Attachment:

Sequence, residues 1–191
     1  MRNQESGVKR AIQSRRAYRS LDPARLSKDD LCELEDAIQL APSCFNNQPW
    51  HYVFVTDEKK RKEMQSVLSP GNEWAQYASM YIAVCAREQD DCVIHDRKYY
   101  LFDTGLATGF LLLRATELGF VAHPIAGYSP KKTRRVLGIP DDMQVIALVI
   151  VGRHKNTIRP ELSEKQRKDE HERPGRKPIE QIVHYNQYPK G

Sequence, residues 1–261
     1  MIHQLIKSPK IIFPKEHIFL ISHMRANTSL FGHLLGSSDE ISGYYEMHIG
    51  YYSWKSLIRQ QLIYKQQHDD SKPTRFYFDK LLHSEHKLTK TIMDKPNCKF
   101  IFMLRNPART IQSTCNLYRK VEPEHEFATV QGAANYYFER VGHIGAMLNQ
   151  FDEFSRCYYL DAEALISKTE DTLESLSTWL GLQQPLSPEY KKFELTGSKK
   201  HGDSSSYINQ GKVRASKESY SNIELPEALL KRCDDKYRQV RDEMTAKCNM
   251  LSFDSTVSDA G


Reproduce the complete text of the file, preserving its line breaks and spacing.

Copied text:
Sequence, residues 1–191
     1  MRNQESGVKR AIQSRRAYRS LDPARLSKDD LCELEDAIQL APSCFNNQPW
    51  HYVFVTDEKK RKEMQSVLSP GNEWAQYASM YIAVCAREQD DCVIHDRKYY
   101  LFDTGLATGF LLLRATELGF VAHPIAGYSP KKTRRVLGIP DDMQVIALVI
   151  VGRHKNTIRP ELSEKQRKDE HERPGRKPIE QIVHYNQYPK G

Sequence, residues 1–261
     1  MIHQLIKSPK IIFPKEHIFL ISHMRANTSL FGHLLGSSDE ISGYYEMHIG
    51  YYSWKSLIRQ QLIYKQQHDD SKPTRFYFDK LLHSEHKLTK TIMDKPNCKF
   101  IFMLRNPART IQSTCNLYRK VEPEHEFATV QGAANYYFER VGHIGAMLNQ
   151  FDEFSRCYYL DAEALISKTE DTLESLSTWL GLQQPLSPEY KKFELTGSKK
   201  HGDSSSYINQ GKVRASKESY SNIELPEALL KRCDDKYRQV RDEMTAKCNM
   251  LSFDSTVSDA G